Temperature Sensor for Burk Remote Control

As a part of the re-wiring of a transmitter site, I realized that the site needed a temperature sensor.  I believe it is important for any remote transmitter site to have a temperature sensor, too many things can go wrong at a transmitter site.

I recall one incident at WGNA-FM in Albany, NY were a ventilation fan failed on a hot summer day.  The Harris HT-10 transmitter stayed on the air while the temperature climbed through 160 degrees inside the building, finally shutting down when the solid state driver module failed.  This site had a temperature sensor and a live operator taking transmitter readings every three hours.  They faithfully logged the temperature increase in three hour increments but didn’t call anyone until the station went off.  When I arrived there, it was so hot inside the building the I couldn’t touch a metal surface.

For the present day project, I looked at the Burk BTU-4, which seemed a little pricey.  After doing a bit of quick research, I found the National Semiconductor LM34 a good alternative.  This unit puts out 10 mv/degree F, which can be directly calibrated to a metering input of a ACR-16 using the lin scale.   I checked the accuracy by using a piece of melting ice, it was right on.  The design and implementation is very simple:

LM34 temperature sensor
LM34 temperature sensor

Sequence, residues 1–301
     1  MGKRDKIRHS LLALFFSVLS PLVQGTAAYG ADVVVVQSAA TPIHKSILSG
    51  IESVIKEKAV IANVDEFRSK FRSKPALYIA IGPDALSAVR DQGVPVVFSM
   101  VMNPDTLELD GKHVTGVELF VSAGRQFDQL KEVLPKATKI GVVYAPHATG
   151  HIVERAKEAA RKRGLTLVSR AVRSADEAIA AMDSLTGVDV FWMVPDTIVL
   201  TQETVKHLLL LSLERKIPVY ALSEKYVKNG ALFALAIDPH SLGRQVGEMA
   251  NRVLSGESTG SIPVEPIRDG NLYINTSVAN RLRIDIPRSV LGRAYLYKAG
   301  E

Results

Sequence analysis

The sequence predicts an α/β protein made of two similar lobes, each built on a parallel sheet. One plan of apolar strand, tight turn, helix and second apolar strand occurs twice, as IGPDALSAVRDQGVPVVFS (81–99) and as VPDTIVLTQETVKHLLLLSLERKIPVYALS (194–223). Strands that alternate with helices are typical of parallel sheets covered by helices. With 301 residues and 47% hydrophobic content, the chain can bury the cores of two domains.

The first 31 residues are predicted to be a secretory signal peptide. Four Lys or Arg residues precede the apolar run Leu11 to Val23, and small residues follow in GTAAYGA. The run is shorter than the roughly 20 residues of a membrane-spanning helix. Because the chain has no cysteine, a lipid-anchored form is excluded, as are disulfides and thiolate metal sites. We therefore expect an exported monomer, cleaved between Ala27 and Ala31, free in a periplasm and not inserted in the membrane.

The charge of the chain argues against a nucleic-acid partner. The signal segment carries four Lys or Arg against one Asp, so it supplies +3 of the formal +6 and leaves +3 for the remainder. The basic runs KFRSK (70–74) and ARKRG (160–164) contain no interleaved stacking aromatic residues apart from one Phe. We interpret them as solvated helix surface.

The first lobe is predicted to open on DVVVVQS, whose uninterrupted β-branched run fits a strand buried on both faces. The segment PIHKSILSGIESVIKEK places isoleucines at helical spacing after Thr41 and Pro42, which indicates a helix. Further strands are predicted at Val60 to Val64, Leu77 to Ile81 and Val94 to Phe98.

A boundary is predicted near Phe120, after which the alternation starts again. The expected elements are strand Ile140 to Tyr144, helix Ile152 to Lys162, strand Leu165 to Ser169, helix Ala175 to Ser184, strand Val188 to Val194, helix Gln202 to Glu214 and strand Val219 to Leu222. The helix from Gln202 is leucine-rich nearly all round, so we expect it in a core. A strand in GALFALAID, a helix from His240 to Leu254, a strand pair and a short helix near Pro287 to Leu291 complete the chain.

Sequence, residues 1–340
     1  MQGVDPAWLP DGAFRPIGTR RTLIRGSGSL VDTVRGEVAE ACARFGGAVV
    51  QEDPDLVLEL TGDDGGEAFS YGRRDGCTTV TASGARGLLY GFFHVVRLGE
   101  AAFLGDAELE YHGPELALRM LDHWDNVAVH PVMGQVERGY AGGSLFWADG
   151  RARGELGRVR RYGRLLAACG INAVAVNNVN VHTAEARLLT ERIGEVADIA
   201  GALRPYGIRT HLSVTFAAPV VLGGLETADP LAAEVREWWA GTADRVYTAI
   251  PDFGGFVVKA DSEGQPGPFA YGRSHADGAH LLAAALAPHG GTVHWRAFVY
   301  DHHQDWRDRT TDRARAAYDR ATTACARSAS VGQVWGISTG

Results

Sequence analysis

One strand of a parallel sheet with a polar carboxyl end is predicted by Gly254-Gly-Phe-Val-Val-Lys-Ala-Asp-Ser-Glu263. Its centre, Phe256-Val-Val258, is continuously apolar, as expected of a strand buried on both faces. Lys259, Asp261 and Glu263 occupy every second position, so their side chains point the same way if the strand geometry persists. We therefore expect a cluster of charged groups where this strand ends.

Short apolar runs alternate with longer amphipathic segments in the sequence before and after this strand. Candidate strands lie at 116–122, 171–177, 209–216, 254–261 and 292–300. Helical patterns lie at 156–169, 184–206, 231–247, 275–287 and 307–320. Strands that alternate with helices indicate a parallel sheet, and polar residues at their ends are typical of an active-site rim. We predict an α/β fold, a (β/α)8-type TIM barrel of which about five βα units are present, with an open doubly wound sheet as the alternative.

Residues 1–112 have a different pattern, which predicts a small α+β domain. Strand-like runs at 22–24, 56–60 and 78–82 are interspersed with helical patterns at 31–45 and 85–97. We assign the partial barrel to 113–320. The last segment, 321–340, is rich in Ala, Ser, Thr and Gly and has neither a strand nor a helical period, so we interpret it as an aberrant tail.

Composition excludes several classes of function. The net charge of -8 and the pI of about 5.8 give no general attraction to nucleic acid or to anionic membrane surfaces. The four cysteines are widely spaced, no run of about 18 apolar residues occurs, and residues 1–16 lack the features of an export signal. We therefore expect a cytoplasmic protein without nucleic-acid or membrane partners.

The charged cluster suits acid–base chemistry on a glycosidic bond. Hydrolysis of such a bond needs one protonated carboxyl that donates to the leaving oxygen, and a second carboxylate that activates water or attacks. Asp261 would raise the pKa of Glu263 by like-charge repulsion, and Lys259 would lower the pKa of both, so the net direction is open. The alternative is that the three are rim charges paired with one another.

The LM34 is available in TO-46 or TO-92 case.  I bypassed the V+ with a 0.01uf capacitor.  It should be mounted in a small box with the case of the LM34 mounted on a metal cover or heat sink.  The TO-46 version, the case is ground.  It can be run on any voltage from +5 to +30 VDC, I used +5 because I had a little wall wart with the right voltage.  The wire is any type of balanced audio wire like Belden 8459, etc.  The LM34 cost 4 dollars, the rest of the parts were laying around.  It took about 15 minutes to create.

The site is air conditioned, therefore I set the remote control to alarm if the temperature goes above 85 degrees F inside the building.

7 thoughts on “Temperature Sensor for Burk Remote Control”

  1. We use “Sensaphones” which do all kinds of alarm magic. Temperature limits, sound level, 3 sets of closure (or open) contacts, battery backup (“D” Cells), telephone number programming, etc.
    Another way would be to use a conventional thermostat, and connect its contacts to the Burke.

  2. Excellent post Paul. That’s a cheap and necessary device.
    One other thing to consider is an “industrial strength” building exhaust system, triggered by a thermostat as a backup to the aircon.
    The problem with an air conditioned building is that it’s air-tight, so when the unit fails the room becomes a hot-box even on a relatively mild day.
    Set the exhaust system thermostat to above the normal maximum temp with the aircon functioning, and it’ll kick in on failure. This’ll reduce the urgency in getting the aircon repaired, and lessen the chance of an off air incident before you get to site.

Leave a Reply

Your email address will not be published. Required fields are marked *